The district court initially dismissed the first and second counts of the second amended complaint; Ventura thereafter stipulated to dismissal of the remaining counts of the complaint. Thereafter, the district court dismissed the entire action.
Ventura contends that the district court erred in concluding that the Supremacy Clause of the Constitution precludes enforcement of the zoning ordinances against Gulf both because Congress lacked the power to preempt local regulation and because, even assuming Congress had such power, its enactments provide no basis for finding preemption, either express or implied.
Although Ventura and amicus argue extensively that congressional enactments under the Property Clause generally possess no preemptive capability, we believe that Kleppe v. New Mexico (1976) 426 U.S. 529, 96 S.Ct. 2285, 49 L.Ed.2d 34, is dispositive. In Kleppe, New Mexico authorities entered federal lands and rounded up 19 wild burros pursuant to the New Mexico Estray Law, N.M. Stat. Ann. § 47-14-1 et seq. (1966). The Bureau of Land Management demanded the return of the burros under the Wild Free-roaming Horses and Burros Act, 16 U.S.C. § 1331-1340, which was passed in 1971 to protect wild horses and burros on the public lands of the United States. The New Mexico authorities refused to comply and sought a declaratory judgment that the act was unconstitutional. The Supreme Court upheld the act's constitutionality, stating:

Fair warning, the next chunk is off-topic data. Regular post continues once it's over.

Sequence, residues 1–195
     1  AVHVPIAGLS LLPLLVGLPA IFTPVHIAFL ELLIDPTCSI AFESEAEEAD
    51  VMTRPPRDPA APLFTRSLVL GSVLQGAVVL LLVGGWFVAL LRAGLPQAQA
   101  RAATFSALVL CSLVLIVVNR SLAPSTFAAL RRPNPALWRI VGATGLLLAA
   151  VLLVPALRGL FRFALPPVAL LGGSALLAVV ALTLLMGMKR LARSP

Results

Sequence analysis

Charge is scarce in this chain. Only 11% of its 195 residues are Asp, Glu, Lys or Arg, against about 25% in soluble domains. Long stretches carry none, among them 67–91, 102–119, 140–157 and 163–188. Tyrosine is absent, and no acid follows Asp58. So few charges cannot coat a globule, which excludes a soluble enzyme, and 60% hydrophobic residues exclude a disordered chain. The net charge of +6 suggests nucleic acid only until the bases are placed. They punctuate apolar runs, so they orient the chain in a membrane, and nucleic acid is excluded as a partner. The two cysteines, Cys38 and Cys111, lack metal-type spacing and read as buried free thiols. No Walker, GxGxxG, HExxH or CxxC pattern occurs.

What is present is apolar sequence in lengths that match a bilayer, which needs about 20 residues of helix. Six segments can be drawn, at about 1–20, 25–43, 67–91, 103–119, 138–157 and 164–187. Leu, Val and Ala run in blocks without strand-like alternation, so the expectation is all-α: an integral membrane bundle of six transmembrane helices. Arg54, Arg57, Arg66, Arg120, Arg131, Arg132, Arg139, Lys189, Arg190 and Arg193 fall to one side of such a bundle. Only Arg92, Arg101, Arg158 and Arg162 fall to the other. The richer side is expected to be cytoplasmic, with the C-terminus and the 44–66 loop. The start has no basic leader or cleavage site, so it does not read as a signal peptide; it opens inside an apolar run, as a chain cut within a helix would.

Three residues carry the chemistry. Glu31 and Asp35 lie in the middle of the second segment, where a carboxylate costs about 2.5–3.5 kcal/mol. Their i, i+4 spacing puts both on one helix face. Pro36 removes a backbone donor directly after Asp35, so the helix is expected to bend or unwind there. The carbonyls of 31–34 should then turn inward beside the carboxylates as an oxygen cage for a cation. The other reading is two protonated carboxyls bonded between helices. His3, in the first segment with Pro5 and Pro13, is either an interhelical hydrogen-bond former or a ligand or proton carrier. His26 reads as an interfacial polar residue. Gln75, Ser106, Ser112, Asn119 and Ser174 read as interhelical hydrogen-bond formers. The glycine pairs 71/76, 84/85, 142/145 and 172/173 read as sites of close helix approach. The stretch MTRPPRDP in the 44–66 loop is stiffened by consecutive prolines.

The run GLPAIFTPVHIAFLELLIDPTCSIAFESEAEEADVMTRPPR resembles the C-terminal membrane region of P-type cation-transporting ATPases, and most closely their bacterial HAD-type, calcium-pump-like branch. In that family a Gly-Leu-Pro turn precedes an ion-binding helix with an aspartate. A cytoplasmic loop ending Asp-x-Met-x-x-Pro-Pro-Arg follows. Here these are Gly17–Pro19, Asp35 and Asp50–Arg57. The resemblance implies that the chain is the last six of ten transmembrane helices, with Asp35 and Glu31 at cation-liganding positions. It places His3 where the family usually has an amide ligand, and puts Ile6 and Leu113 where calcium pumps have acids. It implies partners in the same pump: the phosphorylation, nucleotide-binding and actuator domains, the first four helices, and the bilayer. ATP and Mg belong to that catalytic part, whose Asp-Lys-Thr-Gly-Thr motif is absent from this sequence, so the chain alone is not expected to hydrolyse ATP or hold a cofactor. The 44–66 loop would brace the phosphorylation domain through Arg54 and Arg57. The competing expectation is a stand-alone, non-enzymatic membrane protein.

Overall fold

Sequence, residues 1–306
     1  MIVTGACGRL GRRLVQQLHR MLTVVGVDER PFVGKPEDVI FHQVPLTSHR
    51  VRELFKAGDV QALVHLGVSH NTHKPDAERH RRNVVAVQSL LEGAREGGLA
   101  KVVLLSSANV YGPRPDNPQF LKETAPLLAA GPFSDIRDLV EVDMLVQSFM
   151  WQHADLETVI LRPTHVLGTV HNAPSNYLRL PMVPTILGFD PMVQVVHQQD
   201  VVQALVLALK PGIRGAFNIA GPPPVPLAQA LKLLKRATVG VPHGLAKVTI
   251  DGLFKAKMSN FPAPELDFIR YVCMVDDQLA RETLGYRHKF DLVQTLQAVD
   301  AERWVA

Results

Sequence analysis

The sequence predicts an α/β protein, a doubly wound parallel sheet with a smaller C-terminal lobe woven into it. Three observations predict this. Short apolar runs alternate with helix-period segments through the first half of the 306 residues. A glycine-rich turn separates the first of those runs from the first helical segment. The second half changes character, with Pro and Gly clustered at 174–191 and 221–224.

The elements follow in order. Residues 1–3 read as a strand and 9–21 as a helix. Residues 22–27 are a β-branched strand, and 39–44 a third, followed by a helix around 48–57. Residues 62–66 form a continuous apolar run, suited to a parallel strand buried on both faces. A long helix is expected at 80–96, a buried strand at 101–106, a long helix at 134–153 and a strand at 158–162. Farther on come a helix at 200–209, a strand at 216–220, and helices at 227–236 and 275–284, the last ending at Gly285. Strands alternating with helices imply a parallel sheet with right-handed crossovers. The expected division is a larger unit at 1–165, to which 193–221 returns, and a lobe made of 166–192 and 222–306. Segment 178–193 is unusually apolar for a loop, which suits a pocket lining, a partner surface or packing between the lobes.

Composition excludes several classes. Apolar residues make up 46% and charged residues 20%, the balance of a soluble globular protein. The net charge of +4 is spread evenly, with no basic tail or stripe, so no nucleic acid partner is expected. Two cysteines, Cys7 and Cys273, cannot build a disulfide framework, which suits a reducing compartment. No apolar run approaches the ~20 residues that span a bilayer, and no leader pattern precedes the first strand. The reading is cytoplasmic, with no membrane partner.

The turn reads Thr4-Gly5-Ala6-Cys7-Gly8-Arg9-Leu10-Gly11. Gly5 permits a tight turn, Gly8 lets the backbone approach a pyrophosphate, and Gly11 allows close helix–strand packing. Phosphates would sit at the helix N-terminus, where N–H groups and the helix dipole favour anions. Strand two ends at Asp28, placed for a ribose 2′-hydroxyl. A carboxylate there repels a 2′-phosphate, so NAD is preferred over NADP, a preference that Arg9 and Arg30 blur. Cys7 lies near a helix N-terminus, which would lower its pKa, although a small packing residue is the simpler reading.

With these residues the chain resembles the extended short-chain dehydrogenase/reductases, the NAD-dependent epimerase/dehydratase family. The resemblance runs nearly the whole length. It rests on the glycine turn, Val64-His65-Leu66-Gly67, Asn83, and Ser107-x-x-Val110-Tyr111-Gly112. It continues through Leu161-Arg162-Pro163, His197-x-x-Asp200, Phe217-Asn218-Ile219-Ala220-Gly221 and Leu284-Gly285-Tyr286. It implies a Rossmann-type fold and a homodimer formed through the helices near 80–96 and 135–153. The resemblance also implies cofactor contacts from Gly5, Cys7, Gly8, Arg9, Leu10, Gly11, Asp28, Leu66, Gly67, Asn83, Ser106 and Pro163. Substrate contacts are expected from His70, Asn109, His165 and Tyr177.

The Property Clause of the Constitution provides that "The Congress shall have Power to dispose of and make all needful Rules and Regulations respecting the Territory or other Property belonging to the United States . . . ." (U.S.Const., Art. IV, § 3, cl. 2.)
"Absent consent or cession a State, undoubtedly retains jurisdiction over federal lands within its territory, but Congress equally surely retains the power to enact legislation respecting those lands pursuant to the Property Clause. And when Congress so acts, the federal legislation necessarily overrides conflicting state laws under the Supremacy Clause. As we said in Camfield v. United States, 167 U.S. , at 526 [17 S.Ct. 864 at 867, 42 L.Ed. 260] in response to a somewhat different claim: `A different rule would place the public domain of the United States completely at the mercy of state legislation.'" ( Kleppe v. New Mexico, supra, 426 U.S. at 543, 96 S.Ct. at 2293 (citations omitted).)
New Mexico has argued for a narrow reading of the Property Clause, contending that the clause provided an independent basis of congressional jurisdiction only for acts concerning the disposition of federal property or incidental rules regarding its use and for acts necessary to protect federal lands. The Supreme Court stated in response that "we reject appellees' narrow reading of the Property Clause," and later continued that "while the furthest reaches of the power granted by the Property Clause have not yet been definitely resolved, we have repeatedly observed that `[t]he power over the public land thus entrusted to Congress is without limitations.'" ( Id. at 537 and 539, 96 S.Ct. at 2290 and 2291.) In light of Kleppe, the renewed attempt to restrict the scope of congressional power under the Property Clause in the present case is legally frivolous.